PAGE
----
For instance, in countries like the United States, this trust is often reliant on the court system. Two contractual parties can partially assuage their fears that their counterpart will not live to its obligations by trusting that a third party—a judge—may step in and rectify any violation of the agreement.
In international transactions, it is a tad more complex, more with some countries than others. Trust must therefore be reinforced in other ways.
Make no mistake: your Chinese counterpart also feels nervous about engaging in a business relationship with you.
Enters guanxi, the Chinese word that literally means relationships. In order to build trust, Chinese counterparts will often attempt to develop a personal relationship with you. They will pepper you with questions about who you are, who is your wife or husband, how many kids you have, and so on.
In my experience, this process often takes place around food. Your hosts would treat you to a feast at night, many times with plenty of beers. But it can also happen in much less luxurious settings, such as having lunch with clients in their cafeterias.
This may feel odd or even downright uncomfortable to some Westerners—especially when your host gives you some token of their appreciation, such as a box of tea or ginseng—partially because of the personal nature of the questions, and also out of a concern for the whole exercise being all about bribing you into doing things you should not.
However, usually, this is not the case. Your Chinese hosts are simply trying to build trust. They want to know who you are and for you to feel a personal, moral obligation to deliver on your end of the bargain. And, oh yes, the Chinese also appreciate a good meal!
In my case, I made it a point to take advantage of all these opportunities, including with the teams I built in China. I would insist to go to the same restaurants they usually went to, preferring the more humble establishments with local fares to the pretentious hotels serving Western food.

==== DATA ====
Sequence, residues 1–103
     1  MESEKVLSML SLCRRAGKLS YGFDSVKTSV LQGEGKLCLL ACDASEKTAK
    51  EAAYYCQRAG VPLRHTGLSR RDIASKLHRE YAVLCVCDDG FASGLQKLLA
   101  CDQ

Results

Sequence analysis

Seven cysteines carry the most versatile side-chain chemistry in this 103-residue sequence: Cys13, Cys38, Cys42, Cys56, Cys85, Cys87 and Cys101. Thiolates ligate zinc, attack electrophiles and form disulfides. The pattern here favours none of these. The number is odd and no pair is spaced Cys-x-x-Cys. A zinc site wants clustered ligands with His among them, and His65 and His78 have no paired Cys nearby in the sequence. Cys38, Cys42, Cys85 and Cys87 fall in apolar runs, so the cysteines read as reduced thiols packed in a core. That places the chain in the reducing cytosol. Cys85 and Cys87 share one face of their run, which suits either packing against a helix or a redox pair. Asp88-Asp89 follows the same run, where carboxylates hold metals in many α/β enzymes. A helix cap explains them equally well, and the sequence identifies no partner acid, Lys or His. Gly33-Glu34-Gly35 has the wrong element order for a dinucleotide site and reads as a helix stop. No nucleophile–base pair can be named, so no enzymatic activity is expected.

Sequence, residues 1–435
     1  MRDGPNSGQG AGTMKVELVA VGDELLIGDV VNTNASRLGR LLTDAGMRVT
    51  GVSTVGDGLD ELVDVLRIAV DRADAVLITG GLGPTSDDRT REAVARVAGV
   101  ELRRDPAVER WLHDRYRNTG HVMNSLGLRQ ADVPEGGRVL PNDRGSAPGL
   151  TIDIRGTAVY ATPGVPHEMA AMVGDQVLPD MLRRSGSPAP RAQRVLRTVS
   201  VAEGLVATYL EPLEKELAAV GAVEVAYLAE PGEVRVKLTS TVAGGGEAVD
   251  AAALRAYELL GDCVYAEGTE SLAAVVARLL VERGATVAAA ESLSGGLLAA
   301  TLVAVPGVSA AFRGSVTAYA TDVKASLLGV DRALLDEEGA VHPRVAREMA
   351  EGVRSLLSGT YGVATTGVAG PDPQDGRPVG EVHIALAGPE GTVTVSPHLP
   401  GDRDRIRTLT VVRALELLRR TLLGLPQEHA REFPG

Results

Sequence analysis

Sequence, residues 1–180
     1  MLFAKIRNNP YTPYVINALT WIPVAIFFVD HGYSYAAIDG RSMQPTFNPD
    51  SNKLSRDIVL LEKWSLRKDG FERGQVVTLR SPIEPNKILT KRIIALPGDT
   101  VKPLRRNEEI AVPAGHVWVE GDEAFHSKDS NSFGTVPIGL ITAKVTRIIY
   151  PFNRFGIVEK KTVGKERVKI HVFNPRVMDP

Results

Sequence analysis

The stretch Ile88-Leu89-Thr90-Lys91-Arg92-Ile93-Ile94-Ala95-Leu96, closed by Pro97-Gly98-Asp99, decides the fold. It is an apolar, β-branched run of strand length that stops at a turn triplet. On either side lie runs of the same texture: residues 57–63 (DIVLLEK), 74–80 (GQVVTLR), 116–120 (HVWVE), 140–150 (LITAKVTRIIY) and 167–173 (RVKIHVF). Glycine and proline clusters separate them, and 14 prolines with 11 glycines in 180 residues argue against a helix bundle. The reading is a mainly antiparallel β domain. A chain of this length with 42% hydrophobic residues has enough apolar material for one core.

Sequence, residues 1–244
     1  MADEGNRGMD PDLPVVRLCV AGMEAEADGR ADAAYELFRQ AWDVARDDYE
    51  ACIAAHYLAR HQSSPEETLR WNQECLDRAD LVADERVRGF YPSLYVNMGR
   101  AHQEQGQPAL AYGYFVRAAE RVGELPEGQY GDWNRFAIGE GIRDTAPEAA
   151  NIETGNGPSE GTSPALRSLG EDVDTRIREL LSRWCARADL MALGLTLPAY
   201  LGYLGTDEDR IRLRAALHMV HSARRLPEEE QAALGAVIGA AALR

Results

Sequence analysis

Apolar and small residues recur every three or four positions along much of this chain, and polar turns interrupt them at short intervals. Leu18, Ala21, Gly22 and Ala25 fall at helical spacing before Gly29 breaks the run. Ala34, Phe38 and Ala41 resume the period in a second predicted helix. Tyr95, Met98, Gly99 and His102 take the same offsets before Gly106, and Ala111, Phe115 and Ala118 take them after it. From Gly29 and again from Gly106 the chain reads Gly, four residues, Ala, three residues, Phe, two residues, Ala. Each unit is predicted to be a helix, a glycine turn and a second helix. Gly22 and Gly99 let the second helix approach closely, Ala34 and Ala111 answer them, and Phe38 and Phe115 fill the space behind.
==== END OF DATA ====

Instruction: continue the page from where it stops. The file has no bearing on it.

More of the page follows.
This achieved two goals. First, I got delicious meals that are hard to find anywhere else. China is basically a continent of flavors in its own right.
Second, I melted the social distance between myself and my hosts. I knew this when local employees would tell me that they could tell me anything because "you understand us," or when a client would tell me they wouldn't bring other foreigners to a humble restaurant serving a particularly hot dish "but with you we can."
And this translated into additional deals.
Dead End #3: Believing That Only Through Partners You Can Enter The Chinese Market
"Show me your cards, and I will show you mine!"Photo by Ulrich & Mareli Aspeling on Unsplash
How many times did I hear someone telling me it was impossible to do any business with anyone in China if I did not have a Chinese partner? According to some, potential clients there would never accept to do any business with me.
Complete hogwash. I sold directly to corporations located in China—and I did so initially from the United States, thousands of miles away!
(Granted, some deals required software sourcing houses to complete the international transaction; however, these weren't partners and I did not have to give them any discount at all [even if, of course, they asked for it]. They were paid a fee by the clients.)
This is not to say that partners cannot be helpful. Of course, they can, especially the ones with a real Rolodex of potential clients. If you are a startup without the financial means to fuel expansion through local offices, the right partners may be an excellent way to generate business quickly.
However, the broad conclusion that any type of commercial engagement in China must rely on partners is incorrect. Foreign direct investment (FDI), and even at times direct sales from other territories, can be done.
And how could it be different? I saw many foreign companies working in embedded software with significant activities in China. They sometimes went there to engage in the rapidly expanding market, sometimes to tap the local pool of talent, and most of the time both at once. In many cases, they had budget authority on many projects and would go for the best solution, local partner or not.
What about local Chinese companies? During my time at Vector, they represented a significant portion of our sales, and the same could be said for one competitor of ours. And, truth be told, there the help of local partners can be instrumental—especially if well-managed.
Still, there are plenty of direct deals to be had for those bold enough to open an office and visit it from abroad regularly.